Drivers warned of chaos today with electric vehicle owners urged to avoid peak charging times

Drivers warned of chaos today with electric vehicle owners urged to avoid peak charging times

Labour's Steve Reed comments on electric vehicle plans

Felix Reeves

By Felix Reeves

Published: 28/12/2023

- 14:22

Data suggests that 1pm is the busiest time for electric car drivers to recharge

Motorists are being warned of electric vehicle charging issues today as millions of Britons around the country visit friends and family after Christmas.

Many Britons will be on the roads this week to enjoy the festivities ahead of the New Year’s celebrations and to see their loved ones.

However, experts are warning that drivers could see chaos on the roads with electric vehicle charging devices likely to be very busy.

More than 20 million leisure trips were already made in the week leading up to Christmas, with millions more being made between December 25 and December 31.

Electric car charging

It can be up to 25 per cent quieter at chargers at 5pm


Based on data from last year, the busiest travel day in the lead-up to the festive period was December 23, with many choosing to avoid Christmas Eve for travel.

The research found that December 27 and December 28 tend to be much busier on the roads than Boxing Day or December 29.

This comes as Britons travel between friends and family to make use of the time off, with many now looking to avoid the days when traffic will be at its busiest.

According to the data from Gridserve, 1pm is the busiest time for electric car drivers to recharge their vehicles.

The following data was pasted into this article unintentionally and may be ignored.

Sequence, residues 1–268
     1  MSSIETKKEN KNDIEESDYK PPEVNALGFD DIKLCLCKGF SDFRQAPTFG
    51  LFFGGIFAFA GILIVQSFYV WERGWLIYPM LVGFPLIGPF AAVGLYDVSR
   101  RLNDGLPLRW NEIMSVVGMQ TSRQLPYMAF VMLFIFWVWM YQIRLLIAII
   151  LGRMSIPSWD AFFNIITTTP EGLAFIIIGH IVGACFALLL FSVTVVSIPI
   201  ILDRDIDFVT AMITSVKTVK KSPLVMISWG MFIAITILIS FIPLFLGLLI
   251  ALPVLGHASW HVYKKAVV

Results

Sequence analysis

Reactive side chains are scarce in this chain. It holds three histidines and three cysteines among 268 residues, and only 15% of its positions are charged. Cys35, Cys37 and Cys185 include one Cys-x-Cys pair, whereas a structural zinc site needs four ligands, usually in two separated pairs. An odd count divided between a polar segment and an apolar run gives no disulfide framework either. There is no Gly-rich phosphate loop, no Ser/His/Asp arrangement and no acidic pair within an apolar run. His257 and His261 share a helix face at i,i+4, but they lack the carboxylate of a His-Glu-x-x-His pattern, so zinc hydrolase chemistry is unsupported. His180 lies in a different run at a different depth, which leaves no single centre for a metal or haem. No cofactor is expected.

It tends to be 19 per cent quieter at 10am and as much as 25 per cent less busy at 5pm.

If drivers can start their journey early or delay it until later in the day, they will see much clearer roads and more space at charging stations.

Charging before 8am or after 6pm will see EV demand drop dramatically at these times.

A spokesperson for Gridserve said: “We’ll be keeping an eye out across the entire network, too, with our analytics team monitoring the health of chargers remotely to catch any issues as early as possible.

“Our national EV-powered field service engineers will also be on call for on-site repairs, if and when needed, and our new customer support team will be available 24/7 to support customers over the phone.”

Motorists are also being reminded to charge their vehicles in a considerate manner and avoid the “charge rage” seen at chargers last year.

Following Christmas Day in 2022, several Tesla Supercharger stations saw unprecedented demand, causing some people to wait in their cars for hours.

Once a vehicle has reached 80 per cent battery capacity, the charging power will slow, meaning that waiting for the final 20 per cent could see another driver blocked from recharging.

People should also choose their chargers wisely as some electric vehicles may not necessarily need a high-power charger.

According to Zapmap, there were more than 53,000 electric vehicle chargers across the UK at the end of November.


Electric car charging

Some EV drivers were forced to wait for hours to charge last Christmas


This represents a 46 per cent increase in the total number of charging devices since November 22, with more than 10,000 rapid or ultra-rapid chargers installed up and down the country.

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